The porcelain stoneware immediately after firing has a matte, rough surface. Polishing allows you to give it any degree of purity, up to the mirror. Mirror cladding is less resistant to wear, because abrasive processing violates the surface structure of the material, and any scratches on a smooth surface are more noticeable.

Difference of porcelain tile from a ceramic tile


This is what partial polishing is called. Initially, products intended for lappatirovaniya, have a slightly uneven surface. Polishing with a flat tool reveals these irregularities, turns the protrusions into mirror sections, without affecting the depressions. Height difference is measured in microns, but this is enough to create a fascinating pattern of glossy and matte spots on the tile.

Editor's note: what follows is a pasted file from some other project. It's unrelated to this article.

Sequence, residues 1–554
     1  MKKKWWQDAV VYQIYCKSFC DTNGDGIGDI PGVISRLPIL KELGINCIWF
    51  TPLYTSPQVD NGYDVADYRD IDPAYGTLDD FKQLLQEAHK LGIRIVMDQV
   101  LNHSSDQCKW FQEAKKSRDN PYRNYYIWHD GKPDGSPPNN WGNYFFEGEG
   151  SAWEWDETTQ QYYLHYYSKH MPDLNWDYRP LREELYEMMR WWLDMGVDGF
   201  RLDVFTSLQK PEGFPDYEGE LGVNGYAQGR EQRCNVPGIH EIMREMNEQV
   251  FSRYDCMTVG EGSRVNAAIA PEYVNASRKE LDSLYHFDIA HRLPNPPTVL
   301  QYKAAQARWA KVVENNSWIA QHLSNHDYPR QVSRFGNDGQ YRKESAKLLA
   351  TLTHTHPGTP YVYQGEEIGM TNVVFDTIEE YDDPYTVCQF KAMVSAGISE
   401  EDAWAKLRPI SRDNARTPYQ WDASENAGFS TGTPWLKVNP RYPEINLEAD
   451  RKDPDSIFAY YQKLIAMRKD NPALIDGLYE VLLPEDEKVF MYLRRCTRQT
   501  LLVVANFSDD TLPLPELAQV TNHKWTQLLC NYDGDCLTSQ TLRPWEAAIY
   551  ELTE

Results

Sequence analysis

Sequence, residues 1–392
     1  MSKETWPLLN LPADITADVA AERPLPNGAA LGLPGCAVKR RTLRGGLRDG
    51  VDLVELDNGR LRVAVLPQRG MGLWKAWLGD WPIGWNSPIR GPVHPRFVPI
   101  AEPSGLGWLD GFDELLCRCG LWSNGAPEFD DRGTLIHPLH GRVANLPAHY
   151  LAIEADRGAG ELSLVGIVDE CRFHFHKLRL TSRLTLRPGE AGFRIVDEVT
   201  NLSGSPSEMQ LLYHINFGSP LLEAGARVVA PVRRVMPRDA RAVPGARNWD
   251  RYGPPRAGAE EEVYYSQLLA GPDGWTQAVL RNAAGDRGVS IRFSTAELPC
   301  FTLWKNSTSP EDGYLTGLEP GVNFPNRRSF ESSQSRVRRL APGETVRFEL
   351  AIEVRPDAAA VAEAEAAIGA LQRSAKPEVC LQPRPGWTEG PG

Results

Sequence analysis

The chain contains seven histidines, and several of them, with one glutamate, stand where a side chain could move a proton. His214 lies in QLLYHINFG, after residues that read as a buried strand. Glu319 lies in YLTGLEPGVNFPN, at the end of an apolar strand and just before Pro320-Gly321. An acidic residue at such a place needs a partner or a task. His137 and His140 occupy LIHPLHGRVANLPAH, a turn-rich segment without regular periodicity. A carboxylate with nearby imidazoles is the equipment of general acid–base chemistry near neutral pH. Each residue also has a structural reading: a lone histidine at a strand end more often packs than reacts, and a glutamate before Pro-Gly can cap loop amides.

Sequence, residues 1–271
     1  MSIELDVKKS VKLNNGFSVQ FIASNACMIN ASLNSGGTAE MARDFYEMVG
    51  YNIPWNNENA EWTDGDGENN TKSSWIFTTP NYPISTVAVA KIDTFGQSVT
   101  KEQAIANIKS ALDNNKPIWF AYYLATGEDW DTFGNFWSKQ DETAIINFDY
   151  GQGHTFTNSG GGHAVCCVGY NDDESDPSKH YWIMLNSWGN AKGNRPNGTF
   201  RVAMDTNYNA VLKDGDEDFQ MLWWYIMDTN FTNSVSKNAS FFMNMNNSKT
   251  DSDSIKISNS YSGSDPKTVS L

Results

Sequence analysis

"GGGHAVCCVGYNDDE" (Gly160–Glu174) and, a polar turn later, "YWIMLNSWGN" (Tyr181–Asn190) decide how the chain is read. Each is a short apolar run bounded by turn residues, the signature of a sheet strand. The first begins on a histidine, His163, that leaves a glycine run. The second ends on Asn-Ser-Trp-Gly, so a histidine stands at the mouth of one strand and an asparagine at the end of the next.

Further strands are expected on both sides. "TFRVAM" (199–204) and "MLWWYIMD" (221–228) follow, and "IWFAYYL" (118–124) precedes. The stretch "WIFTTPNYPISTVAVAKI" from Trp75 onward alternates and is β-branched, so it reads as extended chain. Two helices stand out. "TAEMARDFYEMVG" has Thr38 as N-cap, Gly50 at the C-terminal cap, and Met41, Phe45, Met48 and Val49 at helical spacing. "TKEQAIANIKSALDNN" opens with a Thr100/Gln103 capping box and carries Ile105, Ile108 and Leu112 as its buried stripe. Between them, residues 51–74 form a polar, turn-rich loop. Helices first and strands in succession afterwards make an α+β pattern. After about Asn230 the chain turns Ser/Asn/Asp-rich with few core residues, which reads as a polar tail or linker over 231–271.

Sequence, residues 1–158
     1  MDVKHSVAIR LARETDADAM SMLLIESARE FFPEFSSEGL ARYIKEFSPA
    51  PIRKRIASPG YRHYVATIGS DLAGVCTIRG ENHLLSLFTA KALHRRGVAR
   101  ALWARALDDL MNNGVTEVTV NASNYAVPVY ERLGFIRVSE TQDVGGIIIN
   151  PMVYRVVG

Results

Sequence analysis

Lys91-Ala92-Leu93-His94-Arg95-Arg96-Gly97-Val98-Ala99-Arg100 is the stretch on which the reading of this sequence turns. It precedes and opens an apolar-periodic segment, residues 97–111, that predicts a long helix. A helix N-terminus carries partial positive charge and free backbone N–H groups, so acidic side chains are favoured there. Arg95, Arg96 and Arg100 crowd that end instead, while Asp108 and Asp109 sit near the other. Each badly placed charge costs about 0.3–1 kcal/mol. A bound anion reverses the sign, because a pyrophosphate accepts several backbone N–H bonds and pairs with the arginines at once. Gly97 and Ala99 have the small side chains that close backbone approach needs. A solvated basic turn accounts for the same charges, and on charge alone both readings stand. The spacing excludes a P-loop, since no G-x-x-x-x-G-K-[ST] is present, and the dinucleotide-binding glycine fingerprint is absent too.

Difference of porcelain tile from a ceramic tile


This is getting a smooth, but not mirror-like surface by treating the plates before firing with special compounds. Satin tile has a soft "satin" gloss, smooth to the touch, but not slippery.

Difference of porcelain tile from a ceramic tile

Comparison of porcelain stoneware and ceramic tile on the basic parameters

To compile a comparison table, data of the technical characteristics of porcelain stoneware and ceramic tile of various manufacturers were used.

Porcelain stoneware exceeds ordinary ceramics in all its physical and technical parameters. By decorative possibilities, these materials are approximately equal. When choosing a coating, you should take into account the higher cost of porcelain stoneware and the fact that its use requires a special tile adhesive, which is about three times more expensive than tile adhesives.